Presentation on theme: "Crisis and Absolutism. The Big Idea Crisis breeds Revolution and Change Both political and social."— Presentation transcript:
Crisis and Absolutism
The Big Idea Crisis breeds Revolution and Change Both political and social
French Wars of Religion French Calvinists vs Traditional Catholics Both want new converts Increasingly militant Saint Bartholomew's Day Masscre Religious foundation to the wars but also political and social!
The St. Bartholomew's Day massacre (Massacre de la Saint-Barthélemy in French) in 1572French
French Wars of Religion 1562-1598 Huguenots(French Protestants) = 7% of Population; 50% of Nobility House of Bourbon Valois Monarchy
Henry of Navarre (P) succeeds Henry IV (C) to the thrown. For “The good of France” Henry of Navarre converts to Catholicism Edict of Nantes (1598)
Edict of Nantes 1598 Ends French Wars of Religion Catholicism = national religion Grants Huguenots freedom of religion and right to hold political office.
Religious Wars Continue in Europe Philip II (Spain) “Most Catholic King” Leads Spain to greatness 1556-1598 Saw Spain as Church’s protector
Philip II Defeats Turks @ Battle of Lepanto 1571 Crushes Calvinist rebellions throughout his kingdom Battled the Northern provinces
Elizabeth and England Daughter of Henry VIII Most powerful Protestant leader Act of Supremacy: -Named Elizabeth true and everlasting head of Church in England -Repealed any laws tolerating Catholics - Protestantism is concrete in England.
War w/ Spain 1588 Spanish sent an Armada to attack England War of Religion and for political dominance British fleet(and nature) defeats armada
Economic, Social, and Political Crisis Europe on the brink of change
Economic Inflation Why?
Social Witchcraft Trials Many blamed for witchcraft Knowing what we have already discussed, why do you think people would be blamed for witchcraft? 100,000 accused (75% women)
30 years war Religious disputes after Peace of Augsburg Why? All nations in Europe would be involved (except England) Tore apart and destroyed Germany Ended with Peace of Westphalia 1648
Peace of Westphalia 1648 France emerged as most powerful nation All German states could choose own religion Germany (300 semi-independent states) recognized
Stuarts and Divine Right Tudors die with Elizabeth I – Why? James I becomes King (Stuart) Divine right of Kings-
Charles I vs Parliament Puritans vs C of E Charles I (brother of James) Charles I challenges parliament (remember Divine Right of Kings?) Challenges Puritans by forcing Church of England policies and doctrine upon them.
English Civil War 1642 Royalists (Cavaliers) vs. Parliament (Roundheads)
Oliver Cromwell ( Roundhead #1) Victorious He takes over 1.Boots out any royalists- creates “RUMP Parliament” 2.Executes Charles I – shocks Europe 3.Declares England a republic
Then he takes over as dictator! 1648, Cromwell dies and Charles II is restored to the throne (Restoration)
The Restoration and Glorious Revolution Also called musical chairs…
Charles and Brother James were Catholic Big Problem for many English Charles died James II became King 1.Put Catholics in charge 2.Creates religious conflict- people feared a return to Catholicism – why?
The Glorious Revolution Why do you suppose it is called the glorious revolution? English nobles invited William of Orange to “invade” England James II leaves Throne offered to William and Mary (1689)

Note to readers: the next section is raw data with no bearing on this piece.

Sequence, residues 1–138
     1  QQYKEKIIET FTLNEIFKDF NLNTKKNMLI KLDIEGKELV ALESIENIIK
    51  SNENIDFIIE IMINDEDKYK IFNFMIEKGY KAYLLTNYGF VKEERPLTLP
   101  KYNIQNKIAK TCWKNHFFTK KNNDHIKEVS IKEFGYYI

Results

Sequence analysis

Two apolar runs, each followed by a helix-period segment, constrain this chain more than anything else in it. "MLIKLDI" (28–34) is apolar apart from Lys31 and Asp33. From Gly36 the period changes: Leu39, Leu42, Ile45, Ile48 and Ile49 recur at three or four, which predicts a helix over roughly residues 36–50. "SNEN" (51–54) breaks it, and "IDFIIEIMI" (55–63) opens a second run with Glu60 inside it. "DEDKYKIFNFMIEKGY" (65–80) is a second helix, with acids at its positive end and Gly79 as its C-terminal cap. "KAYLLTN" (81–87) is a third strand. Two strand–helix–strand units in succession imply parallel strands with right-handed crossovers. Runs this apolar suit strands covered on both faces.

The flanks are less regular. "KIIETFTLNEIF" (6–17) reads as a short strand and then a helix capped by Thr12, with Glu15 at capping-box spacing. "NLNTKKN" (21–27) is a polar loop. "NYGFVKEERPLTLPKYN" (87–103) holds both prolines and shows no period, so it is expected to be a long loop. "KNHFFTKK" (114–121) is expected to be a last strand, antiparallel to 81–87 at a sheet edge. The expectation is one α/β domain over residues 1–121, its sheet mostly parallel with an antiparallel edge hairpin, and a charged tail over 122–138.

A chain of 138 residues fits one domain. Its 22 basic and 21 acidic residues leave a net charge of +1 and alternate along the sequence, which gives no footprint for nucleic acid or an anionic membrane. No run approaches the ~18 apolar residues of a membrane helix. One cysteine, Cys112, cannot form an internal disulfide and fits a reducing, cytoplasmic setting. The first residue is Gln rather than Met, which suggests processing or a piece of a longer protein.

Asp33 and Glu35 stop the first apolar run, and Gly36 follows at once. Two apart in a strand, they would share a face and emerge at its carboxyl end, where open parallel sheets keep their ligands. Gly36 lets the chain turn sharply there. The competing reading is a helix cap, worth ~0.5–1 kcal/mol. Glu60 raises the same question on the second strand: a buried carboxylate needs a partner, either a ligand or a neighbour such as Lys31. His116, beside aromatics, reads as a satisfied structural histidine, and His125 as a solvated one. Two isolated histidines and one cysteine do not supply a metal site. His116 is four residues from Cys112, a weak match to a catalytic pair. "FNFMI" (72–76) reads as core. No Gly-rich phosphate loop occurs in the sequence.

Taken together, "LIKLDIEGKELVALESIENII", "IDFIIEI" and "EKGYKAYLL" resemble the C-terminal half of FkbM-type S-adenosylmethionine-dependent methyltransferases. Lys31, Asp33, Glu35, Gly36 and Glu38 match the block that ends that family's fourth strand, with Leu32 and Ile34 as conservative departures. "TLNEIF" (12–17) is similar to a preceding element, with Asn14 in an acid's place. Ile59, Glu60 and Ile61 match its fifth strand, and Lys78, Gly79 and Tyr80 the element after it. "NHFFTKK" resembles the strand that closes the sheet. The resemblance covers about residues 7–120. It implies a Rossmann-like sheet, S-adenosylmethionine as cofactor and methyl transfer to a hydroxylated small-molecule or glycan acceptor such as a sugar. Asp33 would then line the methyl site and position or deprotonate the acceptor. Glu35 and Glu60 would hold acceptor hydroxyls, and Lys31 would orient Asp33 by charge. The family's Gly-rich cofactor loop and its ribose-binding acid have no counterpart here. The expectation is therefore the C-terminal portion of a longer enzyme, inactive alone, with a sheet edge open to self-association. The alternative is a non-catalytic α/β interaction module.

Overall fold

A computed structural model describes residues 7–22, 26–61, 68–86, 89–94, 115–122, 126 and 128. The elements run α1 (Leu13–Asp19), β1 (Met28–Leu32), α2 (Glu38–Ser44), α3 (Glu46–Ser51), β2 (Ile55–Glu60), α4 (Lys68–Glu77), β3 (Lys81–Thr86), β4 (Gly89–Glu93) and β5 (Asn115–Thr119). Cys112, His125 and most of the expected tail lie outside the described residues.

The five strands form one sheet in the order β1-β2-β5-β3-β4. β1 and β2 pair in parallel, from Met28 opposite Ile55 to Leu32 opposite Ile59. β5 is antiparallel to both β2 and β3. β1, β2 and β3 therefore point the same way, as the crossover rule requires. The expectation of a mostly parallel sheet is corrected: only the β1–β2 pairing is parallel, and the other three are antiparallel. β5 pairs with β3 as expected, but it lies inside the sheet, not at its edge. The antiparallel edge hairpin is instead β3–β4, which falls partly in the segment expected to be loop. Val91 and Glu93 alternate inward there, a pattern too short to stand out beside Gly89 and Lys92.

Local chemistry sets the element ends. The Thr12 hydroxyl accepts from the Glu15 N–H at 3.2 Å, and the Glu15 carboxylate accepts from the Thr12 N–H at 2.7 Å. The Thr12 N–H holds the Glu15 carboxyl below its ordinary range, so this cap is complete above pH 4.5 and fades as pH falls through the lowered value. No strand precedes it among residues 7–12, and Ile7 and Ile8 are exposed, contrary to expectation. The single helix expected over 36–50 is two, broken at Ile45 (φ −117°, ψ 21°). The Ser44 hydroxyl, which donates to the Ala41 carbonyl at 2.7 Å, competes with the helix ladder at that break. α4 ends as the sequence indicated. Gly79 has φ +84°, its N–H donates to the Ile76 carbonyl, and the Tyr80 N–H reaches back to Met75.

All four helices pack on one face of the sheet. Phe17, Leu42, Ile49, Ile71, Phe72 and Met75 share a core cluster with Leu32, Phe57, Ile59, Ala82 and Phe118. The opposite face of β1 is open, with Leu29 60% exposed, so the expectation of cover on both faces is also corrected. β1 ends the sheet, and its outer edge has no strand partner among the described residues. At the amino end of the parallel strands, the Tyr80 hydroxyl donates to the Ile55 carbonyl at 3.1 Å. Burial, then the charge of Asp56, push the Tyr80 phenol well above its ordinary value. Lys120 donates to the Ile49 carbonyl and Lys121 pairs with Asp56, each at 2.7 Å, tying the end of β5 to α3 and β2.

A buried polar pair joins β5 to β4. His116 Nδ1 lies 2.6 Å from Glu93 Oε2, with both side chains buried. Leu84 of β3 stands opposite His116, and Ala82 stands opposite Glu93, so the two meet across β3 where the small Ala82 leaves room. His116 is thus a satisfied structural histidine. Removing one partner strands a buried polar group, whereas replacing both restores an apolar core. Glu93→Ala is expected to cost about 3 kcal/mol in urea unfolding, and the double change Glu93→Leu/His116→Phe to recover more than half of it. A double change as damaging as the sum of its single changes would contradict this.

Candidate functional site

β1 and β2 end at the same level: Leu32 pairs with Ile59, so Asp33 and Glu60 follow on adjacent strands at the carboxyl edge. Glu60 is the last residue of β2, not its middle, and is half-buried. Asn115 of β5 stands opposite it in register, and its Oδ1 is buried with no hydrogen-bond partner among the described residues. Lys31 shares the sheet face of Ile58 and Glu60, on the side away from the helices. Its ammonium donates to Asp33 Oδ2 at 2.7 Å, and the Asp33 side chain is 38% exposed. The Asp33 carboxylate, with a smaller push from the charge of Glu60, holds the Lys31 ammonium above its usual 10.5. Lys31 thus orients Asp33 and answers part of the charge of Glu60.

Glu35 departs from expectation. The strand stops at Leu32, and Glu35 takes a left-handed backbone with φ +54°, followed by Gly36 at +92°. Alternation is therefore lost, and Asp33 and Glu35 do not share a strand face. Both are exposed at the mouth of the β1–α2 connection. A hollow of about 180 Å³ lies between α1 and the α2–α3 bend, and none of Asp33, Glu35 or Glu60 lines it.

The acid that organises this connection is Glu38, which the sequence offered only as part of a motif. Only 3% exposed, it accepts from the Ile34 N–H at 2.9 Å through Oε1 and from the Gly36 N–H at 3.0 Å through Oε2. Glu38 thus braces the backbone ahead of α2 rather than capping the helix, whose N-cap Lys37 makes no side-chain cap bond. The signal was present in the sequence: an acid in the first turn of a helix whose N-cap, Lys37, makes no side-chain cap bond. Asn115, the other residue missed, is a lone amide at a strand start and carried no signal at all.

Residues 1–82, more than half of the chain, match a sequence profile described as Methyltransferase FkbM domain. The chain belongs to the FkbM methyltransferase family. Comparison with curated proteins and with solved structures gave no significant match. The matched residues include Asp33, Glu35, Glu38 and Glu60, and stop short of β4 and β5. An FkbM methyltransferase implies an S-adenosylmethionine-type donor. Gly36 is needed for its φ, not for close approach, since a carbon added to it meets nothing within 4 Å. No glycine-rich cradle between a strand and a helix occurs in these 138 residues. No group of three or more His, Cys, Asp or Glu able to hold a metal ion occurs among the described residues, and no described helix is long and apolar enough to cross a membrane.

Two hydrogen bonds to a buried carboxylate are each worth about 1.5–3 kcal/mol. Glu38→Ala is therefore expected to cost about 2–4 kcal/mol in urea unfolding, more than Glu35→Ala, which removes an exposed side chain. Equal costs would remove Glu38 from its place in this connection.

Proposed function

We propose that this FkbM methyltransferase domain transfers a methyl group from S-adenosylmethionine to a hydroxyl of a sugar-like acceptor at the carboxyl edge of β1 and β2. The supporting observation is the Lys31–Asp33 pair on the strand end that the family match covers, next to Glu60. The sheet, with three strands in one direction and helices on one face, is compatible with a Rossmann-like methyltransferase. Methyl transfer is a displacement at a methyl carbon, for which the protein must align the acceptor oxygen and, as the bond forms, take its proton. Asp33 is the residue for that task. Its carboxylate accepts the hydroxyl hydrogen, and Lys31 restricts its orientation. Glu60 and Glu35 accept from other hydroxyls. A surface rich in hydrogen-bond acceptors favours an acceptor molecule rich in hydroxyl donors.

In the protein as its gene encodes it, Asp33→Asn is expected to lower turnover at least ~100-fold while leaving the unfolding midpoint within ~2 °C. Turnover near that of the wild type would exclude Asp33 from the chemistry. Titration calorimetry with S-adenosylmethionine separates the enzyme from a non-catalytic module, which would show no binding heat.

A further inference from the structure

Created a constitutional monarchy Bill of Rights Freedom of worship for C of E and Puritans Destroyed Divine Right- or did it? Who has the power in England now?
The Theory of Absolutism Rulers want to be absolute monarchs— rulers with complete power Believe in divine right—idea that monarchs represent God on earth
Crises Lead to Absolutism The 17th century is period of great upheaval Monarchs impose order by increasing their own power
Louis XIV Louis XIV—the most powerful ruler in French history Louis Weakens the Nobles’ Authority Louis takes control in 1661 Appoints intendants—government agents—to collect taxes
Jean Baptiste Colbert—finance minister—helps economy grow In 1685, Louis cancels Edict of Nantes; Huguenots flee France
Louis’s Death and Legacy Louis dies leaving mixed legacy Rule makes France a major military and cultural power in Europe His wars and palace leave France with heavy debts
Prussia The Rise of Prussia Rulers of Prussia build Europe’s best army Call themselves kings and become absolute monarchs Nobles resist royal power, but king buys loyalty Frederick the Great Frederick the Great becomes king of Prussia Enforces father’s military policies but softens some of his laws
Ivan the Terrible In 1533, Ivan the Terrible becomes king of Russia Struggles for power with boyars—landowning nobles Seizes power and is crowned czar, meaning “caesar”
Rise of the Romanovs Ivan’s heir is weak, leading to period of turmoil In 1613, Michael Romanov becomes czar
Peter the Great becomes czar Russia Contrasts with Europe Land of boyars and serfs Cut off geographically from Europe Culturally isolated, little contact with western Europe Peter Visits the West -In 1697, Peter visits western Europe to learn European ways
Peter’s Goal Goal of westernization—using western Europe as model for change Brings Orthodox Church under state control Reduces power of great landowners Modernizes army by having European officers train soldiers
Westernizing Russia Introduces potatoes Starts Russia’s first newspaper Raises women’s status Adopts Western fashion Advances education Builds St. Petersburg (the new Capital) ALL FORCED!